His Dog Was Saved From a Deadly Cancer. He Bought a $6M Super Bowl Ad to Thank the Vet

Posted on in category Positive News

Yesterday’s Super Bowl had a Super Positive Ad about Scout and the veterinarians who are there for them and us when we need them.

From MSN News By Ben Kesslen

His dog was given a month to live. But the owner, who couldn’t accept that prognosis, is now thanking the veterinary clinic that saved his beloved pet by taking out a $6 million Super Bowl ad. See THE VIDEO AD HERE.

David MacNeil’s 7-year-old golden retriever, Scout, collapsed in summer 2019, and a veterinarian told him the dog had cancer and one month to live, according to NBC Madison, Wisconsin affiliate WMTV.

“There he was in this little room, standing in the corner… and he’s wagging his tail at me. I’m like, ‘I’m not putting that dog down. There’s just absolutely no way,” said MacNeil, who is the founder and CEO of WeatherTech, an car accessories company.  He took Scout, who serves as his company’s unofficial mascot, to the University of Wisconsin School of Veterinary Medicine.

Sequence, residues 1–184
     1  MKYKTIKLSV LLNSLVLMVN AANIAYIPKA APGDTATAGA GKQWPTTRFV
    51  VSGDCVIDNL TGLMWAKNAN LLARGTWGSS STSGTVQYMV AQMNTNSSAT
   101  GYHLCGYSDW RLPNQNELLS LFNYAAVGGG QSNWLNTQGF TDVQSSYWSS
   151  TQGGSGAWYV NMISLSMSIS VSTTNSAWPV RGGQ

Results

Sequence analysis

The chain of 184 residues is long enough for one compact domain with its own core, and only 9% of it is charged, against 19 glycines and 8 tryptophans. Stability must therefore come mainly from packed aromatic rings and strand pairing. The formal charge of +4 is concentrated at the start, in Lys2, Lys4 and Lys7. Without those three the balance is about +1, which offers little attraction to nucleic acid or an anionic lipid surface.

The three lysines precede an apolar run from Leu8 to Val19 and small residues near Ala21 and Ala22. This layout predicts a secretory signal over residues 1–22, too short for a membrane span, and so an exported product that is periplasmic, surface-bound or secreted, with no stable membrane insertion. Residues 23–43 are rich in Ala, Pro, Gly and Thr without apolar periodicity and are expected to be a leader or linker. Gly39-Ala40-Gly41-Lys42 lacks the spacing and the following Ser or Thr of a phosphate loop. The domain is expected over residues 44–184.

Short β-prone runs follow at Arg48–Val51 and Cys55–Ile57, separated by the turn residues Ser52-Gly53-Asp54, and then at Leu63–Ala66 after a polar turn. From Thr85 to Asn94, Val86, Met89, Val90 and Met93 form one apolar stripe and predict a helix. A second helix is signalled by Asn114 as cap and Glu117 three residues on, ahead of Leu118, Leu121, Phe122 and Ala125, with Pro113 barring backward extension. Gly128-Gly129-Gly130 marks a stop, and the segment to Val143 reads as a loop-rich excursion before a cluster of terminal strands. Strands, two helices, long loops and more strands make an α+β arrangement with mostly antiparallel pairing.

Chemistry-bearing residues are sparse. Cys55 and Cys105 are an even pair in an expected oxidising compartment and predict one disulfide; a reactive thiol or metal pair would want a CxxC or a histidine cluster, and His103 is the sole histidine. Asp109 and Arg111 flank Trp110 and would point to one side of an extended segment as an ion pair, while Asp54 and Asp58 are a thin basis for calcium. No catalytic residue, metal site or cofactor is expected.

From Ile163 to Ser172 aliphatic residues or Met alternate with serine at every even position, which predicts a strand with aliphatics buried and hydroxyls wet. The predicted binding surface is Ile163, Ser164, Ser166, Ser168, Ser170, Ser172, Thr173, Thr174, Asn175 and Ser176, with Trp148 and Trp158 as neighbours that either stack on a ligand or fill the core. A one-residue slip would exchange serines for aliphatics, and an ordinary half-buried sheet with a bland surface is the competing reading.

The dog had a one percent chance of survival, but doctors at the veterinary school treated Scout with aggressive chemotherapy and radiation that nearly eradicated his tumor. MacNeil was so grateful he took out the ad, a 30-second spot called “Lucky Dog” that opens with Scout running on the beach and tells the story of his survival. The spot encourages viewers to donate to the veterinary school’s research.

The dean of the school told WMTV that the ad is good for veterinary medicine as a whole and for cancer research that can also benefit humans.

“This is an amazing opportunity not only for the University of Wisconsin–Madison and the School of Veterinary Medicine, but for veterinary medicine worldwide,” said the dean, Mark Markel.

Research into animal cancer often informs how doctors understand cancer in people, he said. “So much of what’s known globally today about how best to diagnose and treat devastating diseases such as cancer originated in veterinary medicine.” MacNeil said he hopes the spot does some good.

“I hope it has a positive impact on cancer for animals and people, all over the world.”

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